Physician-scientist Dr. Bruce Clurman named executive vice president and deputy director of Fred Hutch

Clurman will focus on team science, interdisciplinary collaboration in pursuit of new cures, said President and Director Dr. Gary Gilliland
Dr. Bruce Clurman
Dr. Bruce Clurman Fred Hutch News Service

SEATTLE — Oct. 18, 2016 — Fred Hutchinson Cancer Research Center today announced the appointment of Dr. Bruce Clurman to serve as its executive vice president and deputy director, effective Nov. 1. In his 25th year as a physician and researcher working at Fred Hutch, Clurman will step into the leadership position vacated by outgoing Executive Vice President and Deputy Director Dr. Mark Groudine, who has served in those roles for 11 and 19 years, respectively. Groudine will continue to lead his basic research laboratory and will serve as special advisor to the director’s office. Clurman will work alongside Fred Hutch’s other executive vice president and deputy director, Dr. Fred Appelbaum, who has held that position since 2013. Clurman will also serve on the board of Seattle Cancer Care Alliance, Fred Hutch’s clinical care partner.

The leadership change comes at a pivotal moment, said Dr. Gary Gilliland, president and director of Fred Hutch, one that is largely centered around the need to boost the center’s ability to conduct team science and collaborate more effectively across scientific disciplines. Clurman has been instrumental in orchestrating Fred Hutch’s recently completed five-year strategic plan, Gilliland said. He has also led coordination and planning for Fred Hutch’s Integrated Research Centers, new research groups underway that will unite scientists and clinicians from diverse focus areas to attack major problems facing cancer and other diseases.

“We recognize that we need to have more team-oriented science to address some of the biggest problems in the biology and therapy of human disease,” Gilliland said. “I don’t think there’s anybody who we could bring in, either internally or externally, that can do what Bruce is able to do, because of the history that he has here and the scientific credibility that he has. He’s respected across all of our different, very broadly-based disciplines of science.”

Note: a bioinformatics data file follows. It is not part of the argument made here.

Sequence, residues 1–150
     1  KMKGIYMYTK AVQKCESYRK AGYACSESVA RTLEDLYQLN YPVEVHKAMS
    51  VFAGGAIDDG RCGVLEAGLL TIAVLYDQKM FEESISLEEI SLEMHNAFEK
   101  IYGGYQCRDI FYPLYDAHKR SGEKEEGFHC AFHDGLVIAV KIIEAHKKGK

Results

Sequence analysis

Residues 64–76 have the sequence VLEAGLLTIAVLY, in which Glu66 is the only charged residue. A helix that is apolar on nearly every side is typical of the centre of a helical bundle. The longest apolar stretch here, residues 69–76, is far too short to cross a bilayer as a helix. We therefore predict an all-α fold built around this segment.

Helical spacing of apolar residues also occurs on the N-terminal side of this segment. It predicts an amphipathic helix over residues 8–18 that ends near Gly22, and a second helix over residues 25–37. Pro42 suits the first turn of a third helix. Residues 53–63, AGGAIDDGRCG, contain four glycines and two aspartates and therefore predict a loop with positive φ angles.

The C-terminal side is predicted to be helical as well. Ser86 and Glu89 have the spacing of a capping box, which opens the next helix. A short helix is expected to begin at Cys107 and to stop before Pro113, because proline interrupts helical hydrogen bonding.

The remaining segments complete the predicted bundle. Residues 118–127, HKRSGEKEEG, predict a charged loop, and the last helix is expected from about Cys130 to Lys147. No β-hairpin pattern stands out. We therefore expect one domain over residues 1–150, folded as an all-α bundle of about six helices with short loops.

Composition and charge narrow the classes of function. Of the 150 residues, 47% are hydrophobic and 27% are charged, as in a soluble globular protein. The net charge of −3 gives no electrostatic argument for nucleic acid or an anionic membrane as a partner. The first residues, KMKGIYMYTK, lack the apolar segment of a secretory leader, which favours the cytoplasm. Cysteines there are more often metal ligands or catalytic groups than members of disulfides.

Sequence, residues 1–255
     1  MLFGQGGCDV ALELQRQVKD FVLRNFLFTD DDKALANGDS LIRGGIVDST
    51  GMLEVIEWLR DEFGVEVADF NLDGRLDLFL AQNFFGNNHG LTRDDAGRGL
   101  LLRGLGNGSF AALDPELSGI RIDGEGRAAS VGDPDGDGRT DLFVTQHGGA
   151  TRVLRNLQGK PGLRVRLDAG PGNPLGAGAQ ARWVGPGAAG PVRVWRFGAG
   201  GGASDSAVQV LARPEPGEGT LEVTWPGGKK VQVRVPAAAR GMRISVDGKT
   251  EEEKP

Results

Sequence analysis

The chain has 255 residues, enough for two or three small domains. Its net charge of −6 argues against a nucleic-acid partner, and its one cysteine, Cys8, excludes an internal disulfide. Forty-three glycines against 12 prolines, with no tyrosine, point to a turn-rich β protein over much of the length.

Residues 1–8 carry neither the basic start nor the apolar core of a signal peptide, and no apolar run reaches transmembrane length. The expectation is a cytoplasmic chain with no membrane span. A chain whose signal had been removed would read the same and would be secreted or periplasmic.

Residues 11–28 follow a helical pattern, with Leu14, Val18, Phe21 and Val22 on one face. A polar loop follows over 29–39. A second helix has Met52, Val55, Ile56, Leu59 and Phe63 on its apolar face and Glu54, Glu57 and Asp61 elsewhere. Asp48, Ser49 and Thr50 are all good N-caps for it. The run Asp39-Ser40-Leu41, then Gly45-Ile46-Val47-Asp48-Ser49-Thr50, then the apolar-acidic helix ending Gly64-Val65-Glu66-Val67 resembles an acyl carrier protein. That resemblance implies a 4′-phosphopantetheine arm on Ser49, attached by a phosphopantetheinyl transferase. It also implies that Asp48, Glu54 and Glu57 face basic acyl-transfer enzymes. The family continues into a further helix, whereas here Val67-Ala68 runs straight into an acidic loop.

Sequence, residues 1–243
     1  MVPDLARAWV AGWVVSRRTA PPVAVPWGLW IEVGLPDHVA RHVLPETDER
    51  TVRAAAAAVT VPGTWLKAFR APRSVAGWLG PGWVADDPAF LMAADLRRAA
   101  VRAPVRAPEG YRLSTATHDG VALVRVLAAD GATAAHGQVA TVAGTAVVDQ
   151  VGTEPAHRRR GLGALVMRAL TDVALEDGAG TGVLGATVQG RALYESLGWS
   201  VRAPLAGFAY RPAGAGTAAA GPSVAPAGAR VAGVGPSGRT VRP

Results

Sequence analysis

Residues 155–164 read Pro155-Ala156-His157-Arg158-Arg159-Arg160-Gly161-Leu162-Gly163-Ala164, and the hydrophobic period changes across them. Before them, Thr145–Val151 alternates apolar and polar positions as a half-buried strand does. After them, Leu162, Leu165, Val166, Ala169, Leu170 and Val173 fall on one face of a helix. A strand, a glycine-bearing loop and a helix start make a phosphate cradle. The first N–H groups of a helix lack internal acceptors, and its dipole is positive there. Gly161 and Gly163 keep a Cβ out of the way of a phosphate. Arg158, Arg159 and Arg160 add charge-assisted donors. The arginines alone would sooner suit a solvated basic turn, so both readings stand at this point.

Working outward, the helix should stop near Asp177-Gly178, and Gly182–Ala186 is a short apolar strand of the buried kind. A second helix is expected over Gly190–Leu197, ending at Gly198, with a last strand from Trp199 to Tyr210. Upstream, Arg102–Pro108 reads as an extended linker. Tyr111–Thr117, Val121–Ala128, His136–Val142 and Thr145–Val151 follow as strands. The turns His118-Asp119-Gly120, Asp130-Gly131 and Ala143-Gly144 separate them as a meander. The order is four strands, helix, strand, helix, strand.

The announcement follows those of other recent hires at the Hutch. Last Monday, Dr. Nancy Davidson, director of the University of Pittsburgh Cancer Institute, was announced as the incoming director of the Hutch’s Clinical Research Division and president and executive director of SCCA. She will also be professor and head of the Division of Medical Oncology in the Department of Medicine at the University of Washington School of Medicine. Also last week, Fred Hutch immunotherapy researcher Dr. David Maloney was announced as the first medical director for cellular immunotherapy at Fred Hutch and the SCCA’s new Immunotherapy Clinic.

Clurman’s career at Fred Hutch has involved working across disciplines as both a transplantation physician, seeing patients with blood cancers at SCCA, and as a basic scientist, delving deep into the molecular cascade of steps that allows cancerous cells to grow and divide unchecked.

“As I started thinking about ways to extend myself beyond my own work, it was just natural for me to want to put that effort and energy here, because I couldn’t imagine wanting to work like this anywhere else,” Clurman said. “Gary has an incredibly bold vision which I’m completely aligned with and I think that people are really behind, but while we want to continue to support fundamental science, we also need to change the way we do some of our work to accomplish that. The opportunities are unprecedented but there’s also an urgency to accelerate our progress.”